3. A clear proactive plan for notifying staff, customers and media (if applicable) along with a budget and timeline for the wind down effort.

Having “The Conversation”:

  1. Pick your spot. Don’t just slide it in during a random meeting or a regular staff meeting. This calls for a special meeting to just focus on this issue.
  2. Line up your sponsors beforehand.  This means having lots of one-on-one small, private meetings with discreet senior people to serve as advocates.  If everyone at the meeting is grappling with a new idea at once, the normal response would be to shoot it down or delay it.
  3. Expect that there will be delays.  Most executives will want to do a deep dive on your methodology and your numbers. (That’s what the supporting details in Item 1 of “things to have with you” are for.) However, make sure one of your exhibits shows the costs of delaying the decision by more than a month.
  4. Be sure to acknowledge the human costs involved as you discuss the topic. This is a fine balance; do not recount every detail of every family that will be affected (“Of course we’ll have to cut Mike Smith, and he’s the sole provider for his widowed mother, her six children and he has a disabled son at home”) but don’t go to the opposite extreme either, treating staff as widgets that need to be offloaded.  That will make people question your judgment. Suggest areas of opportunities for the people in the affected unit, by pointing out growing units that require similar skill sets or staffing. If there truly is no internal option, suggest an outplacement strategy.

What will happen next (most likely):

  1. Understand that once you have “dropped the bomb” you lose control of how the information is absorbed and acted upon. Don’t be so strongly wed to your proposal that you devalue attempts at compromise or restructuring. Simply stay firm, polite and open to input. Use your alternative case scenarios to help look at various options that may be proposed.
  2. Once the decision has been made, having the clear communications and action plan ready is imperative.  If you have executives who argue for delay, and it appears that even with delay, the company will have to cut the unit, you will want to point out that doing it sooner rather than later may allow the company to allot a greater amount of resources towards the displaced staff than waiting will.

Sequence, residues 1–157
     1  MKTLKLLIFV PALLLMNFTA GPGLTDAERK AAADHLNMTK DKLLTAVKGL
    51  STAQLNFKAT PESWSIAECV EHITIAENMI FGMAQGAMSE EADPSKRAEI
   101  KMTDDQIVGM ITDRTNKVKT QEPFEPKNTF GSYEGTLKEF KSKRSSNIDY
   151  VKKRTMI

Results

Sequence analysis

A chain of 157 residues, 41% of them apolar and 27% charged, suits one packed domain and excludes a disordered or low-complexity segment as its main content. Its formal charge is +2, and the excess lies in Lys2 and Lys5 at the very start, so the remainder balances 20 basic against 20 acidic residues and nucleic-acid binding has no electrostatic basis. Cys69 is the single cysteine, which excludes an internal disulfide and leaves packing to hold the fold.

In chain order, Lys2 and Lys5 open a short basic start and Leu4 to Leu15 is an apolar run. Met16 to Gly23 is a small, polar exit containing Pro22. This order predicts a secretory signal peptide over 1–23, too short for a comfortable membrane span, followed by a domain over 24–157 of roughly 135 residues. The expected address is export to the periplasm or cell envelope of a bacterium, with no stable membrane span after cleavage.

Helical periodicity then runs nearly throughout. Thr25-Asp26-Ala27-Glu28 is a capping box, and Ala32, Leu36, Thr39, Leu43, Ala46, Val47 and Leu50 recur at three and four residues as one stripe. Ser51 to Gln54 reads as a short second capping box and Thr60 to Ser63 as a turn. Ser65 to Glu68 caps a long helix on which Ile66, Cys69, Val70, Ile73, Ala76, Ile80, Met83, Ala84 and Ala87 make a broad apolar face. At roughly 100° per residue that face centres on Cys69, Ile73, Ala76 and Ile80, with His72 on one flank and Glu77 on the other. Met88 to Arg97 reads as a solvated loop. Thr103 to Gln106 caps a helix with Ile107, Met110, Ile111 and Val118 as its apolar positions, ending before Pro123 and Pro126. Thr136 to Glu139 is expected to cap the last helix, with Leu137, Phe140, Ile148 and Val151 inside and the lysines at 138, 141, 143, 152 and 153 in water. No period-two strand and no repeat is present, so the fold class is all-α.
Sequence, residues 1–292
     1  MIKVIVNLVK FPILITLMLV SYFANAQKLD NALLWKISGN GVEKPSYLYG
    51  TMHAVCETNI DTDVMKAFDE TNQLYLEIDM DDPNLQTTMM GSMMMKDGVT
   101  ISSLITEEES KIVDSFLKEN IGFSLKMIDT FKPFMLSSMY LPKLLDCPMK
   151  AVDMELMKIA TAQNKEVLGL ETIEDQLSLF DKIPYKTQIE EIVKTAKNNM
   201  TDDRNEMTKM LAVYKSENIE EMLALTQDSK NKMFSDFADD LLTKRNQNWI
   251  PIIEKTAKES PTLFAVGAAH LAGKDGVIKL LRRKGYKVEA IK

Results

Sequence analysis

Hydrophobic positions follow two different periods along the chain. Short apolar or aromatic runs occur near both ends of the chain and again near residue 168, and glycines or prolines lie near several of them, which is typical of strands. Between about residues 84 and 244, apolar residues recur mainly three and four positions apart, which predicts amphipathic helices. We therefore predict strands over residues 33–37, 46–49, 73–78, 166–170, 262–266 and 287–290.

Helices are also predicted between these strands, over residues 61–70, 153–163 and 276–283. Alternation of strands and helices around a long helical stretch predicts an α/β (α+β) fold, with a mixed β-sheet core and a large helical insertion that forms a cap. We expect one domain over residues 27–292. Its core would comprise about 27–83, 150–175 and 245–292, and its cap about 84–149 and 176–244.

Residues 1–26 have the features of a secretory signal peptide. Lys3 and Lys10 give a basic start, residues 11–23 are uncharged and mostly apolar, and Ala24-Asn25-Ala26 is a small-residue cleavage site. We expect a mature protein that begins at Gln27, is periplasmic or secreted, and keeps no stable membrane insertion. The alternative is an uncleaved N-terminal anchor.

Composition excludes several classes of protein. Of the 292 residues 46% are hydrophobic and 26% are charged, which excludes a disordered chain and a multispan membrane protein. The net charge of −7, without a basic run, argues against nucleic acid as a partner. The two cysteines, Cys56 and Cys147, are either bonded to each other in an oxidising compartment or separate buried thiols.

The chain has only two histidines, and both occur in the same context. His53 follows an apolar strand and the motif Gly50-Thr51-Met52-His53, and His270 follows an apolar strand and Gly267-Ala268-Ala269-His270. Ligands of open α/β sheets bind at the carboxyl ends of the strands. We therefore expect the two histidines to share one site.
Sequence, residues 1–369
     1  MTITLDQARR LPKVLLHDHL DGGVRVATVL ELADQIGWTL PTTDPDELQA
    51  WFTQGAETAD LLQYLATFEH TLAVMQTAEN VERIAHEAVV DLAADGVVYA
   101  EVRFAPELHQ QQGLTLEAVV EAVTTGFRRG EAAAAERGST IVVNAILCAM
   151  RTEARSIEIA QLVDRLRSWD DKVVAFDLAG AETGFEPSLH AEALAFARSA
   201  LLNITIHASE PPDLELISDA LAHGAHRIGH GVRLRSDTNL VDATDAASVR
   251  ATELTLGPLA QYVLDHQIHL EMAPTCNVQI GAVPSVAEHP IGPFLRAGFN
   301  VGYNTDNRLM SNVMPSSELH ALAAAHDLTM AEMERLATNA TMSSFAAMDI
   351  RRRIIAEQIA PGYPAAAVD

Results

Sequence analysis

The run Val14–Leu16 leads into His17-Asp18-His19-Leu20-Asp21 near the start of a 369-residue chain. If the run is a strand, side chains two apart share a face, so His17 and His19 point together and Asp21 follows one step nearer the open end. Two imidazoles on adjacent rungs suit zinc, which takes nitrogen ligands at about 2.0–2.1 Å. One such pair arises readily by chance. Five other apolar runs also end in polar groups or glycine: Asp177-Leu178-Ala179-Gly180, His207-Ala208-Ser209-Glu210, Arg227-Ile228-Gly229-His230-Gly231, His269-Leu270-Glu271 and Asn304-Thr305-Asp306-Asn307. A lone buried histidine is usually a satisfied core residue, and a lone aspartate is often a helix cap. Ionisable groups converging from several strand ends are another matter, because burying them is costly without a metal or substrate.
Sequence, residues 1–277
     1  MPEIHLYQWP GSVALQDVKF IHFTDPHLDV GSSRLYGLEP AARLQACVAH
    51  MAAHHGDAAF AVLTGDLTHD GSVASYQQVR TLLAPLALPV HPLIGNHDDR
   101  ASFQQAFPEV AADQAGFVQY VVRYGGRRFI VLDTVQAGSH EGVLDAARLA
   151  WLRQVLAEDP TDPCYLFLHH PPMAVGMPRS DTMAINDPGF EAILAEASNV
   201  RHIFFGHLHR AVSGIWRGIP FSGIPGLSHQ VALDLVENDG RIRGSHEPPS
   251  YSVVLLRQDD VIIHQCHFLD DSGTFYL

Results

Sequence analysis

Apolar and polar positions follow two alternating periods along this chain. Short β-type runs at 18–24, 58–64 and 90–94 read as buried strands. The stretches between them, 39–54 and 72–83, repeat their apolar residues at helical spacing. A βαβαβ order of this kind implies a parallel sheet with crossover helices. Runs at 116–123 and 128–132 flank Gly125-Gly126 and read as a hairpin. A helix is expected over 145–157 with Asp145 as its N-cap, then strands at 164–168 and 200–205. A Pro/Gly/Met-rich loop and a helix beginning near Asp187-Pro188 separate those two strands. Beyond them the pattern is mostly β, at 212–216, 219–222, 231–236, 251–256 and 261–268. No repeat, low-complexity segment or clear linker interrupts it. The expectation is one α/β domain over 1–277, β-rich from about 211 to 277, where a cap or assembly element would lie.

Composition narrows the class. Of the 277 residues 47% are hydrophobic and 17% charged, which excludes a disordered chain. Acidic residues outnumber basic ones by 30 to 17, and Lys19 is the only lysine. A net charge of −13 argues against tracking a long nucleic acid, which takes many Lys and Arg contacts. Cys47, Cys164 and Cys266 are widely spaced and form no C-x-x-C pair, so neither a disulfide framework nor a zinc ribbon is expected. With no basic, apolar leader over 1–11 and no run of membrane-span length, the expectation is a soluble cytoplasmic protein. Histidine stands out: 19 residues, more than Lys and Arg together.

3. Take the heat. No matter who makes the final call, you and your team will eventually be “outed” as the architects of the plan. That means you’ll have some team members, even those who get to stay, looking at you in a different way.  Respond to inquiries with a firm, compassionate response and rehearse other team members as well. This is also not the time to upgrade to a better car (even if you’ve been saving forever for it) or take a long exotic vacation.  Low key empathy is the best response.

This post is part of our “Uncomfortable Conversations” series. Our next Uncomfortable Conversation: The project budget has cost overruns. Big Ones.

Have you ever been the “lucky” person who got to deliver this piece of bad news? Share how you did it and what did or didn’t work in the comment section!

book by Jeanne Goldie

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Rule #7: Locate the Elephants

How do you navigate operational change when there's an elephant in the room?

How do you navigate operational change when there’s an elephant in the room?